Larry J. Sabato is correct that presidential polling in June is no better than a coin flip. Moreover, state-level polling at this point in the cycle remains noisy and not particularly useful. Indeed, partisan swings have become more uniform across states in recent elections. For these reasons, this early in the campaign, I still favor looking at Obama’s average job approval +.5 percent as a rough projection of his electoral support.

Nevertheless, I turn my attention to state polling. Why? Because — to paraphrase Nathan Jessep — deep down in places you don’t talk about at parties, you want me to talk about swing state polling, you need me to talk about swing state polling.

However, for a change of pace, it might be fun to look outside the standard head-to-head question (which tells us little at this point on a national level). Many anticipate 2012 will be a close election like 2004. As Jay Cost has noted, in that contest, Pres. Bush did not win a single state in which he had a net negative job approval. Accordingly, it might be interesting to look at Pres. Obama’s job approval in a selection of swing states.

That survey reveals Obama currently has net negative job approval in: North Carolina (-3.3%); New Hampshire (-1.7%); Colorado (-1.7%); Pennsylvania (-1.7%); Florida (-1.1%); Ohio (-0.9%); Virginia (-0.6%); and Iowa (-0.6%). Moreover, Obama’s job approval is below 48% in these states. In contrast, Obama has net positive job approval in Wisconsin (+3.9%) and Nevada (+4.0%). Obama’s job approval breaks the 50% mark in these states.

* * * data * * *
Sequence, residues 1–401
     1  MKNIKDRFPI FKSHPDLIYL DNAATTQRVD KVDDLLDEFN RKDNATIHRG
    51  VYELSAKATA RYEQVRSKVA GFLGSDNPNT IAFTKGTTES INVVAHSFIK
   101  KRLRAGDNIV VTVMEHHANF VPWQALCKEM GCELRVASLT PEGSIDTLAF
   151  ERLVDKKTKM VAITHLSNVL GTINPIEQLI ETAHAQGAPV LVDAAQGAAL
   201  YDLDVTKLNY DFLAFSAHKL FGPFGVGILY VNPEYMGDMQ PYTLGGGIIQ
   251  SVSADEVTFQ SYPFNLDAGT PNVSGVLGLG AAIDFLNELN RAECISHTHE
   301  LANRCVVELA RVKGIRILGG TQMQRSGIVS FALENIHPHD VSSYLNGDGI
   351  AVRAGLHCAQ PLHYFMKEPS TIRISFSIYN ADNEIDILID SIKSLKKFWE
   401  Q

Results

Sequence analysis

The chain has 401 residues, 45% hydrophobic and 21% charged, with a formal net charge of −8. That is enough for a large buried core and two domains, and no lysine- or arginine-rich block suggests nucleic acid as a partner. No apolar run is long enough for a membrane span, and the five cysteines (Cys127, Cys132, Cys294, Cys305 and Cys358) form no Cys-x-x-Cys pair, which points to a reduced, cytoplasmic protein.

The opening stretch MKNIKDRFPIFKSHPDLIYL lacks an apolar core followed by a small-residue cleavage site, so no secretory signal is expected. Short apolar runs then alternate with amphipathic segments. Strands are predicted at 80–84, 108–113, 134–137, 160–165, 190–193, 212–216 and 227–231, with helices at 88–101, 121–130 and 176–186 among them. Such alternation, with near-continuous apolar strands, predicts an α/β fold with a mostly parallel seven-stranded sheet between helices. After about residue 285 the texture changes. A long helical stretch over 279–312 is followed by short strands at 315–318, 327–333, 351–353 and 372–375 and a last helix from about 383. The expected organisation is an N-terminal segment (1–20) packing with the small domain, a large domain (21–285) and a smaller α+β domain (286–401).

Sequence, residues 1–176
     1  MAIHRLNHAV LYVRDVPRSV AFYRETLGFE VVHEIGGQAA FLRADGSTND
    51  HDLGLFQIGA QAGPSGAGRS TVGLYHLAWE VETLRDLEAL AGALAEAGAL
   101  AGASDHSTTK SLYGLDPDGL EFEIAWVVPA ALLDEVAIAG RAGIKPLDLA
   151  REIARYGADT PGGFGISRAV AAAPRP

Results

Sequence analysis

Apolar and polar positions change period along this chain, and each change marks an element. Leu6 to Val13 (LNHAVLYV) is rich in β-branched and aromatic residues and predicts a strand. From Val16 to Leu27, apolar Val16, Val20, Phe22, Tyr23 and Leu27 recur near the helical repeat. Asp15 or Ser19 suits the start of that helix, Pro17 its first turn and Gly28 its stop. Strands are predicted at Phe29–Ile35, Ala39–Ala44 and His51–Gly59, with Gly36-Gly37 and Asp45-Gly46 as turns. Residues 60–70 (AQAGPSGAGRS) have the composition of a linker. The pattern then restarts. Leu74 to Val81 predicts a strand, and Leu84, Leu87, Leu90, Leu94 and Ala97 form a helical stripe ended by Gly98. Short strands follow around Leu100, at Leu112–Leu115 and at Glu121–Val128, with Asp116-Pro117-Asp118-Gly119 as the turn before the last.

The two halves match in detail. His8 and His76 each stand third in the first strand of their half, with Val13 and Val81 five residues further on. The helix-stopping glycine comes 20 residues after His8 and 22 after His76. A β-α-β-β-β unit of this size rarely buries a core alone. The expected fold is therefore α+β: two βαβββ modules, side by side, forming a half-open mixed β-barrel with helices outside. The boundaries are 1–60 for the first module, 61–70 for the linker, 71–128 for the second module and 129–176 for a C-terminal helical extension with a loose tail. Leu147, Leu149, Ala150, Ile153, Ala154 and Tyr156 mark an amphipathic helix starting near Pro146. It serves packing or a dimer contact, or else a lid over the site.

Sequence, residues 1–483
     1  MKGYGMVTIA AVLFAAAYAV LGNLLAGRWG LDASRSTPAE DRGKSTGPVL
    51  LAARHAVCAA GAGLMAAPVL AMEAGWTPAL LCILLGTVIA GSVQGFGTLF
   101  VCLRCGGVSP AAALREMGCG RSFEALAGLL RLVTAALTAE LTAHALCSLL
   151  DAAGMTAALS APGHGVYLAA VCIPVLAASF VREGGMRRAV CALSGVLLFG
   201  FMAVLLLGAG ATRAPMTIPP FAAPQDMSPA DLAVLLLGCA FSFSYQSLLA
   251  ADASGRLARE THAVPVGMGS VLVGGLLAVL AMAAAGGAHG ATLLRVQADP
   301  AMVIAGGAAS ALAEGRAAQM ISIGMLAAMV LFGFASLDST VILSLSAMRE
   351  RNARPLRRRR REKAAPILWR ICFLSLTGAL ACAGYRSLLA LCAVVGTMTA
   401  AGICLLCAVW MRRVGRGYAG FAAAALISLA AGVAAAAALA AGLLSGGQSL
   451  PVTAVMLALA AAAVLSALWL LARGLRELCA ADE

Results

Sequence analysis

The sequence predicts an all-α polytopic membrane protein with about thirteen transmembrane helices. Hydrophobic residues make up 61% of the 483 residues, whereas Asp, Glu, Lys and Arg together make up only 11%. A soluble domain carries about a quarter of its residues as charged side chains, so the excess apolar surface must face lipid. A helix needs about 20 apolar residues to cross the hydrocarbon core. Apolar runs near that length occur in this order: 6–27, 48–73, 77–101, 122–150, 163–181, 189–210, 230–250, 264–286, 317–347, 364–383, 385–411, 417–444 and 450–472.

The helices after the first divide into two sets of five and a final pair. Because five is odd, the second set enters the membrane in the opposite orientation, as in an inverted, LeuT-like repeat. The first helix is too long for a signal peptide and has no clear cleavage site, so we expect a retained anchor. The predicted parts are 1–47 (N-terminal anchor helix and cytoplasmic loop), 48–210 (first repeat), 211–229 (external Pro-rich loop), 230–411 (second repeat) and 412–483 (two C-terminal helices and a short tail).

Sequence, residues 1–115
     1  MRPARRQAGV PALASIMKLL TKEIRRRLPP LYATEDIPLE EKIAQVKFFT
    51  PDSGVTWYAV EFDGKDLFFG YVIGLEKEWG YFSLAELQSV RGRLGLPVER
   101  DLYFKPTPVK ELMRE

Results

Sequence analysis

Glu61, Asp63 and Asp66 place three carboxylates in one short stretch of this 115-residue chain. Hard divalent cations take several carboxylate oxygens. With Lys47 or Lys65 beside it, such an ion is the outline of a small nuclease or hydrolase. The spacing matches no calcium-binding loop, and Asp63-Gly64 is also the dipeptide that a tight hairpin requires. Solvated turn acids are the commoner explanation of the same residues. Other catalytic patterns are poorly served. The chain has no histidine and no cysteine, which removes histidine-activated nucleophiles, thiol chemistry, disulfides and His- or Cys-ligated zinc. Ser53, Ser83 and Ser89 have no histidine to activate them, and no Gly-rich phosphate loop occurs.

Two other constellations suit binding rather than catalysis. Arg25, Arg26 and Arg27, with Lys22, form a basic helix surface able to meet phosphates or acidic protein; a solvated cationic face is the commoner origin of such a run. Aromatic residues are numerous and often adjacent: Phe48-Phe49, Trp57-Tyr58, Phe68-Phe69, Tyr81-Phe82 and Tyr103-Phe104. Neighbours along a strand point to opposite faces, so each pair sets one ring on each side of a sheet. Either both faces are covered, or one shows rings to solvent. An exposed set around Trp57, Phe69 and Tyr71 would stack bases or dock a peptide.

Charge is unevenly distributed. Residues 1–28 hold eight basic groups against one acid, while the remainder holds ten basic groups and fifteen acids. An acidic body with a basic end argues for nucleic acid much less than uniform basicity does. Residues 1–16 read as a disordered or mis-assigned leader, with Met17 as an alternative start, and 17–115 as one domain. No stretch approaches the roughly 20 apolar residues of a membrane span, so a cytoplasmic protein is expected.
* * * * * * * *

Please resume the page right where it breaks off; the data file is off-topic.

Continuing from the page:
At first glance, those numbers seem pretty good for Mitt Romney. However, the two pro-Obama states seem pretty solid — and Wisconsin is a state where the GOP has been hopeful since Gov. Walker’s recent recall victory. Moreover, Wisconsin is a state Bush lost in 2004 despite having a net positive job approval rating. The other states Bush lost with positive job approval are telling — Michigan (another state some righties are getting excited about prematurely), Pennsylvania and New Hampshire. If Bush could not win PA and NH as an incumbent with a positive job rating, should the positive head-to-head numbers for Obama in those states now should concern Romney all the more… or should Obama’s net negative job approval give him hope he may be able to kick Lucy Van Pelt’s football this time around? Furthermore, on an approval basis, Virginia and Iowa seem as winnable for Obama as the head-to-head polls might suggest. Of the swingiest states, only North Carolina (where Obama breaks 50% disapproval) seems as winnable for Romney as Nevada and Wisconsin seem for Obama.

In short, for whatever they are worth (and I reiterate they may mean very little right now), Romney may be narrowing the gap in head-to-head polls, but Obama’s state-level job approval ratings tend to suggest that this election remains a dogfight. Righties need to heed the advice of Instapundit (channeling Han Solo): “Great kid… don’t get cocky.”

This post was promoted from GreenRoom to
To see the comments on the original post, look here.